- More legacy lens friendly: Can take a broad range of non-native lenses via adapters.
- Easier wireless transfer: Supports Bluetooth for image sharing without cables.
- Faster buffer clearing: Supports a more advanced SD data transfer standard (UHS-II vs UHS-I).
- More modern: Reflects 3 years and 4 months of technical progress since the K-70 launch.
Reasons to prefer the Pentax K-70:
- More detail: Has more megapixels (24 vs 20.2MP), which boosts linear resolution by 11%.
- Brighter framing: Features an optical viewfinder for clear, lag-free composition.
- Longer lasting: Gets more shots (410 versus 310) out of a single battery charge.
- Easier fill-in: Has a small integrated flash to brighten shadows of backlit subjects.
- More affordable: Was introduced into a lower priced category (46 percent cheaper at launch).
- More heavily discounted: Has been around for much longer (launched in June 2016).
If the count of relative strengths (bullet points above) is taken as a measure, the E-M5 III is the clear winner of the match-up (14 : 6 points). However, the relative importance of the various individual camera aspects will vary according to personal preferences and needs, so that you might like to apply corresponding weights to the particular features before making a decision on a new camera. A professional wedding photographer will view the differences between cameras in a way that diverges from the perspective of a travel photog, and a person interested in cityscapes has distinct needs from a macro shooter. Hence, the decision which camera is best and worth buying is often a very personal one.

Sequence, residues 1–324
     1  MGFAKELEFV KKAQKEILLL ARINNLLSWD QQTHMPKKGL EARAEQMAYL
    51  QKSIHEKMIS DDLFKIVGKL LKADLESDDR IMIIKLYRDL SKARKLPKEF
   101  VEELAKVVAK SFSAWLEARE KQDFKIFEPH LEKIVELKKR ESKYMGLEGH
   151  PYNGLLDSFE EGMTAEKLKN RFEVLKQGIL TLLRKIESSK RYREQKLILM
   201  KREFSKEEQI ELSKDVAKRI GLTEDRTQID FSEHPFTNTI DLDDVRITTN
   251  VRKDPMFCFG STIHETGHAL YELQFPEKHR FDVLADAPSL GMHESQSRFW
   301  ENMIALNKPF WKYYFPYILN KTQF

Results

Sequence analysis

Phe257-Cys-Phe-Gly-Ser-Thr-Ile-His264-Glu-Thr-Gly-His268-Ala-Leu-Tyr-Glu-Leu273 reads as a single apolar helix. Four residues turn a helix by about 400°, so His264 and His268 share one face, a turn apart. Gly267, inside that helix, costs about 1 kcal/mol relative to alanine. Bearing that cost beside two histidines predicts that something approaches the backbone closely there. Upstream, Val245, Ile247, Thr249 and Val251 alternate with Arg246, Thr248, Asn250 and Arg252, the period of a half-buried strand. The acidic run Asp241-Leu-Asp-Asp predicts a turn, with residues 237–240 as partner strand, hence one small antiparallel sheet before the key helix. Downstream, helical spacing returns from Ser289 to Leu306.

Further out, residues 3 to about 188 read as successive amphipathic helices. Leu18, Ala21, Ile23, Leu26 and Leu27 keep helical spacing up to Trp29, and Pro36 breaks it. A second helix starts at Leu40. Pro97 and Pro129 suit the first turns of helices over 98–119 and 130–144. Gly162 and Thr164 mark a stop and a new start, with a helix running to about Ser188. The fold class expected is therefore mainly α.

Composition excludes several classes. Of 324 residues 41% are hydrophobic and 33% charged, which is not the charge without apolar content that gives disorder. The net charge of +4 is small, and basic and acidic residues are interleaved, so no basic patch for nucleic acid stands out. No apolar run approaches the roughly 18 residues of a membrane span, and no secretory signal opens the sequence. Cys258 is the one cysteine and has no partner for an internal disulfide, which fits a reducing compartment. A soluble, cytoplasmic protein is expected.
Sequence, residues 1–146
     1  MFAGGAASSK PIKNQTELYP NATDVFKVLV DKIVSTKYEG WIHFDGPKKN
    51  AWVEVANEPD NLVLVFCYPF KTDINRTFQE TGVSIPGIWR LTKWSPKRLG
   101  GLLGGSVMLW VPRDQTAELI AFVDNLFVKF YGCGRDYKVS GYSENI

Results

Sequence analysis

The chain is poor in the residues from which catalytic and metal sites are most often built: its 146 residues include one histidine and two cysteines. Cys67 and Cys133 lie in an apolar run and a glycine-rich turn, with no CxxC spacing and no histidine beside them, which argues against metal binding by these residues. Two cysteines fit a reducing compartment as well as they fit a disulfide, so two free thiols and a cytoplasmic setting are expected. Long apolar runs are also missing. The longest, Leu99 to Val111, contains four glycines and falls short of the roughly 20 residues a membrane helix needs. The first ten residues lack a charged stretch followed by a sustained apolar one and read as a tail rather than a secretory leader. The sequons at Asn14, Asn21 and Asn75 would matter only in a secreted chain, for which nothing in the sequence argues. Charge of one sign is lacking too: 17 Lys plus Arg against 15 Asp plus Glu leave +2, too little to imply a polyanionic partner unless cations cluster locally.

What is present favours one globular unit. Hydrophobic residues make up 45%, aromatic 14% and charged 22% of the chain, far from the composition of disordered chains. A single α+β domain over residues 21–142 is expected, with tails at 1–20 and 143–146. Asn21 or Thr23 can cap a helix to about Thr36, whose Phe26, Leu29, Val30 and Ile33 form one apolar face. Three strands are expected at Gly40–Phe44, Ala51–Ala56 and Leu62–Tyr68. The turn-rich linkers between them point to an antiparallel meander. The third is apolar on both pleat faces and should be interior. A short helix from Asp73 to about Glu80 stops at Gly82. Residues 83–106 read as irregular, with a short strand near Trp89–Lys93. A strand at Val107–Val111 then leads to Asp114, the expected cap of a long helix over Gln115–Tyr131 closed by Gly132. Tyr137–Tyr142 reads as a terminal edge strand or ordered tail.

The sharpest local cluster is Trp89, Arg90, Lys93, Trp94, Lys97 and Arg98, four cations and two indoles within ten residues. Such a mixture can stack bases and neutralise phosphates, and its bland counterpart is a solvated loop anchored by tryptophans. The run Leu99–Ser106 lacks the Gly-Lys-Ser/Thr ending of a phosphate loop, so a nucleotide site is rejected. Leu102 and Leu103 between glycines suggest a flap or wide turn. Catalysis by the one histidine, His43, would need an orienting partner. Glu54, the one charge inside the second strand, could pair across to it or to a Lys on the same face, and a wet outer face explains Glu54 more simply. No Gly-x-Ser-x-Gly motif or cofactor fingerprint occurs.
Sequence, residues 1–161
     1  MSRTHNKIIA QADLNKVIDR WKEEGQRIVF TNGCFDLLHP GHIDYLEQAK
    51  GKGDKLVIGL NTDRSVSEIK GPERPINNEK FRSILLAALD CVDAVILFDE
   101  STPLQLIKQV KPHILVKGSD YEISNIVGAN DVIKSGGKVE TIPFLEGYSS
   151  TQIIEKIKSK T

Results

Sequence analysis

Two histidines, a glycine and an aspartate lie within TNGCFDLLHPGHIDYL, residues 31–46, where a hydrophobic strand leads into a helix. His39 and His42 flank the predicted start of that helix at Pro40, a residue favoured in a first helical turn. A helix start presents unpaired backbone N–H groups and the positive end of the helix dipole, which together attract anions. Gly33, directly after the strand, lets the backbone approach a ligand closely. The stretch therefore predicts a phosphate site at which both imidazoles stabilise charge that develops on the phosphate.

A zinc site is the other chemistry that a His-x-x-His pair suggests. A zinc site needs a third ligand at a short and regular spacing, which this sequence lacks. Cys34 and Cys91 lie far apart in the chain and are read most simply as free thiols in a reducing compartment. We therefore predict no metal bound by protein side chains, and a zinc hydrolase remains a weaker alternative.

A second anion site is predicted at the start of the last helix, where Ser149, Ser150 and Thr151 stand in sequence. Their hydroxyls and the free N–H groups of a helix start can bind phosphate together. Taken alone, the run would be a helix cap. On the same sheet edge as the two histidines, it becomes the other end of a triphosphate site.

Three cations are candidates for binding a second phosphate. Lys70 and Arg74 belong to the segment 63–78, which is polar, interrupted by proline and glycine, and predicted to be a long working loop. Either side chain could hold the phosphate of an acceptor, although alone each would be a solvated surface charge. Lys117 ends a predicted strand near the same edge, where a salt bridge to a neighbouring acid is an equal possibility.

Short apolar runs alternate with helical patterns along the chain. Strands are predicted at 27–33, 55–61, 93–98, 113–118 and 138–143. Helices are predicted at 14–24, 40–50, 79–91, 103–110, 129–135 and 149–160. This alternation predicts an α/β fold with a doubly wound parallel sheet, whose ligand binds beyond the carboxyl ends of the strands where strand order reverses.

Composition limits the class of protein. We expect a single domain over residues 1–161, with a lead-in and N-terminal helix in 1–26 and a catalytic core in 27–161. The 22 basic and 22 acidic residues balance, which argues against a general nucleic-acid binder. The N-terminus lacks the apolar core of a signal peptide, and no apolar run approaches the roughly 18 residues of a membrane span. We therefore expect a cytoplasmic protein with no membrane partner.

How about other alternatives? Do the specifications of the Olympus E-M5 III and the Pentax K-70 place the cameras among the top in their class? Find out in the latest Best Mirrorless Interchangeable Lens Camera and Best DSLR Camera listings whether the two cameras rank among the cream of the crop.
In any case, while the comparison of the spec-sheets of cameras can offer a general idea of their imaging potential, it remains incomplete and does no justice, for example, to the way the E-M5 III or the K-70 perform in practice. User reviews that are available, for instance, at amazon can sometimes shed light on these issues, but such feedback is all too often partial, inconsistent, and inaccurate.
This is where reviews by experts come in. The following table reports the overall ratings of the cameras as published by some of the major camera review sites (amateurphotographer [AP], cameralabs [CL], digitalcameraworld [DCW], dpreview [DPR], ephotozine [EPZ], photographyblog [PB]). As can be seen, the professional reviewers agree in many cases on the quality of different cameras, but sometimes their assessments diverge, reinforcing the earlier point that a camera decision is often a very personal choice.
|1.||Olympus E-M5 III||5/5||+||5/5||82/100||4.5/5||4.5/5||Oct 2019||1,199|
|2.||Pentax K-70||4.5/5||..||..||79/100||4.5/5||4.5/5||Jun 2016||649|
|3.||Olympus E-M1 III||5/5||..||5/5||83/100||4.5/5||4/5||Feb 2020||1,799|
|4.||Olympus E-M10 IV||4.5/5||..||5/5||81/100||4.5/5||4.5/5||Aug 2020||699|
|5.||Olympus E-M1X||4.5/5||o||5/5||85/100||4.5/5||..||Jan 2019||2,999|
|6.||Olympus E-M1 II||5/5||+ +||5/5||85/100||4.5/5||4.5/5||Sep 2016||1,999|
|7.||Olympus PEN-F||..||..||4/5||82/100||4.5/5||5/5||Jan 2016||1,199|
|8.||Olympus E-M5 II||5/5||+ +||4.5/5||81/100||5/5||5/5||Feb 2015||1,099|
|9.||Olympus E-M1||5/5||+ +||..||84/100||4.5/5||4.5/5||Sep 2013||1,399|
|10.||Olympus E-M5||4/5||+ +||..||80/100||4.5/5||5/5||Feb 2012||1,299|
|11.||Panasonic G95||4.5/5||+||4.5/5||83/100||4.5/5||4.5/5||Apr 2019||999|
|12.||Panasonic GX8||5/5||+||..||82/100||4.5/5||4.5/5||Jul 2015||1,199|
|13.||Pentax K-3 III||4/5||..||3/5||..||4.5/5||..||Mar 2021||1,999|
|14.||Pentax KP||4/5||..||3/5||82/100||5/5||4.5/5||Jan 2017||1,099|
|15.||Pentax K-S2||4.5/5||..||..||..||5/5||4.5/5||Feb 2015||749|
|16.||Pentax K-3 II||4.5/5||..||..||..||5/5||5/5||Apr 2015||1,099|
|17.||Pentax K-50||5/5||..||..||..||5/5||4.5/5||Jun 2013||599|